As BallinEurope this morning runs down Vesely’s video record, firstly here’s the introduction of no. 6 by David Stern and *that kiss*.

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NBA Eastern Conference Playoffs: The Eurocentric View

With the NBA playoffs starting today, BallinEurope takes another brief look at the matchups drawing our attention for the next 137 months or so. Unlike the Western Conference half of the bracket, Eastern teams are disappointingly low on European players stocking their rosters. No matter: We’ve still got the FIBA Bulls and the Big Z to pull for on this side – and BiE’s got musings, meanderings, YouTube clips and those Fearless Predictions™. Today: the Western Conference matchups.

Boston Celtics vs. New York Knicks
After years of an all-American lineup, the Celtics started the season with one European and (somewhat inexplicably) ended up with two, thanks to the Kendrick Perkins trade – but Sasha Pavlovic and Nenad Krstic will surely be non-factors in this series.

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Arvydas Sabonis: A career retrospective, via YouTube

BallinEurope sends out huge, 7’3” congratulations this morning to all-time great Arvydas Sabonis, finally inducted into the Professional Basketball Hall of Fame alongside luminaries such as Chris Mullin, Dennis Rodman (whoa, that’s still weird), Artis Gilmore, Tex Winter, “Goose” Tatum, Tom “Satch” Sanders, Tara Van Derveer, Herb Magee, and Teresa Edwards.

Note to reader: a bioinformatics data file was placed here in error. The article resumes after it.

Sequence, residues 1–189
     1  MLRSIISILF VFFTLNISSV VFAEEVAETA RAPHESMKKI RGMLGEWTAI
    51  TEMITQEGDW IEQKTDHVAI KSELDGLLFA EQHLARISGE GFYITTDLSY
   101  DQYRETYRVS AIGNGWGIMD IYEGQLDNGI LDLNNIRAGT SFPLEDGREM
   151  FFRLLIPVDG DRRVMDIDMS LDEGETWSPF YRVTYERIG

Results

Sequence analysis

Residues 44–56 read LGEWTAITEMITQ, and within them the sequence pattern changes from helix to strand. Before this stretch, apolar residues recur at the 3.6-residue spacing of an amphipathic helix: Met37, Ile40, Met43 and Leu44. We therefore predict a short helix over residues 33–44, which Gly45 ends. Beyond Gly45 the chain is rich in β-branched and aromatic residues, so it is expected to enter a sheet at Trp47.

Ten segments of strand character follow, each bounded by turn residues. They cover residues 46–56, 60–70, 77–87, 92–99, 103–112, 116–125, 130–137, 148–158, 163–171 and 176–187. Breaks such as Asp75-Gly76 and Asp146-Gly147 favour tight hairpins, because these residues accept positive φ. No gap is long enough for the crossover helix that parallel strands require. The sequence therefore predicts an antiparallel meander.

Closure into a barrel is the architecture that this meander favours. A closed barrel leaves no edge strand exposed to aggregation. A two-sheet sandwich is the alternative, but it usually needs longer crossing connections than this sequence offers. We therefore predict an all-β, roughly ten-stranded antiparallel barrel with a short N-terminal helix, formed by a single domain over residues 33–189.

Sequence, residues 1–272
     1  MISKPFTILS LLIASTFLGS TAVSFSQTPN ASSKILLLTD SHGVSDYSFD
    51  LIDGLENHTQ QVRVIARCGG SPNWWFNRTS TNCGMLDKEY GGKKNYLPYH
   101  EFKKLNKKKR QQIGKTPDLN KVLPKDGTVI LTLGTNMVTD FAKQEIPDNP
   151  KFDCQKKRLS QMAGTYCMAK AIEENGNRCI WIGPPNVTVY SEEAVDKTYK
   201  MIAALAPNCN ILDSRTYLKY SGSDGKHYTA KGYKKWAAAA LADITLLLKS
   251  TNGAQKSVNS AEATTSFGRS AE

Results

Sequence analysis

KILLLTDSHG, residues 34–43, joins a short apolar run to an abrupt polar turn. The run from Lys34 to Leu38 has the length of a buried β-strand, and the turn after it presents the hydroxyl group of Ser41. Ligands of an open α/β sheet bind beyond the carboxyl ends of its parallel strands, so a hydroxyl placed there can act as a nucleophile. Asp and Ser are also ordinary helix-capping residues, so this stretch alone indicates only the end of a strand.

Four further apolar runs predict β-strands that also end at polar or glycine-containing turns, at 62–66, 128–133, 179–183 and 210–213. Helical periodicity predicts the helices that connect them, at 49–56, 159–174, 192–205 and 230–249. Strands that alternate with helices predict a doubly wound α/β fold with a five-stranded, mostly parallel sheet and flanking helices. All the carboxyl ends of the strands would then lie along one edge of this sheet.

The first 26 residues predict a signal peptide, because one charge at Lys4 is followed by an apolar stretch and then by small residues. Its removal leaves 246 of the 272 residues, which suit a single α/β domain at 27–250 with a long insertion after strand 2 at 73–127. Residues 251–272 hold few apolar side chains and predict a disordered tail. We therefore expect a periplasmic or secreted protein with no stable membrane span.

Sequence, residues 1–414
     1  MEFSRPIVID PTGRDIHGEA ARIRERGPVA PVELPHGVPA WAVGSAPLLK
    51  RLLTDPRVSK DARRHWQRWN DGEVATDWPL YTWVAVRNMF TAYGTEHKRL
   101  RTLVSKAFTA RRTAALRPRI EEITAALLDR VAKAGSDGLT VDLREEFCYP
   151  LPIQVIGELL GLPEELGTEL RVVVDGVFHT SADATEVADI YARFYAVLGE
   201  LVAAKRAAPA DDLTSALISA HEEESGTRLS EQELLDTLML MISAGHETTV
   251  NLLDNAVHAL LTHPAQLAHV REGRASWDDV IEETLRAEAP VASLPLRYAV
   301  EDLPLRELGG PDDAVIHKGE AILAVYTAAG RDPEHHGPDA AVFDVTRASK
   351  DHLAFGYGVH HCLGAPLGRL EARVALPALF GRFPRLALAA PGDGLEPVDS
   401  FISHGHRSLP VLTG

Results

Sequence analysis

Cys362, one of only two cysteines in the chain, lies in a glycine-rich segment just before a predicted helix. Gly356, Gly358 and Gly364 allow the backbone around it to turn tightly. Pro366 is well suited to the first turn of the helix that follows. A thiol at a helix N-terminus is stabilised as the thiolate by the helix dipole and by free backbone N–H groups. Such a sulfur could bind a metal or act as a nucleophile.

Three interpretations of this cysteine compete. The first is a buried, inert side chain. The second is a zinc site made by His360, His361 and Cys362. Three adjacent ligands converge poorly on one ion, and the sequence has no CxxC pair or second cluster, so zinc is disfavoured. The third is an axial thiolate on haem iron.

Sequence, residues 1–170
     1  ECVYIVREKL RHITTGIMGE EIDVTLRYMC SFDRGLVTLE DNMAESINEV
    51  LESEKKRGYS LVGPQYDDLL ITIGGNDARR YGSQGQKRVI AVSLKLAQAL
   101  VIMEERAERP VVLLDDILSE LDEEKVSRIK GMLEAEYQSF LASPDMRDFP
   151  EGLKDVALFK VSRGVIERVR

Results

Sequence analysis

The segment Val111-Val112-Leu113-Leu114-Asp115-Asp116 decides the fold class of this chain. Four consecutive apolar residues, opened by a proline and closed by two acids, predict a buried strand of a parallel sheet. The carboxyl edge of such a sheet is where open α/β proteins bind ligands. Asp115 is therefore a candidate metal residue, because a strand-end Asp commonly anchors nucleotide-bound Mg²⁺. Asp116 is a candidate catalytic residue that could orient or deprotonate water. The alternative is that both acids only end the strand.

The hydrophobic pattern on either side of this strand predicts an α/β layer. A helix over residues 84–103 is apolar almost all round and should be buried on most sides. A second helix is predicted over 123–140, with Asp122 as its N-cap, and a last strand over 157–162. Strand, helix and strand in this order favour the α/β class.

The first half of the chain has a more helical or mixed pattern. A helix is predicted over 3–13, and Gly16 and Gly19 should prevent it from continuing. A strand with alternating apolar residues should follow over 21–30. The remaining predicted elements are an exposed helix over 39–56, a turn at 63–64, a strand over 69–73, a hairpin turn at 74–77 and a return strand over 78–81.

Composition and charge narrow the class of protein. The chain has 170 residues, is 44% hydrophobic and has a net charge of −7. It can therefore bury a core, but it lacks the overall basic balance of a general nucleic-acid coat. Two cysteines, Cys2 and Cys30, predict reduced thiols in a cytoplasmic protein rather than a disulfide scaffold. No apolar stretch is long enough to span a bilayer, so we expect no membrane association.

A tribute in the form of career retrospective to the pride of Lithuanian basketball follows – in the finest fashion BiE knows: video clips! Quite a collection of rare Sabonis footage exists in the collective consciousness of YouTube, an ideal jumping-off point for that burgeoning bunch of basketball fans who’d never seen the man play or even experienced a world in which the Soviet Union exists.

Thanks for the memories, Sabas!

• 1979-1989 (and again from 2000-2005): Žalgiris Kaunas
From Sabonis first getting into the professional system with hometown club to courtside videocam shots of his final pro season back with his first team, this Lithuanian-language clip is loaded with rare footage.

Continue Reading…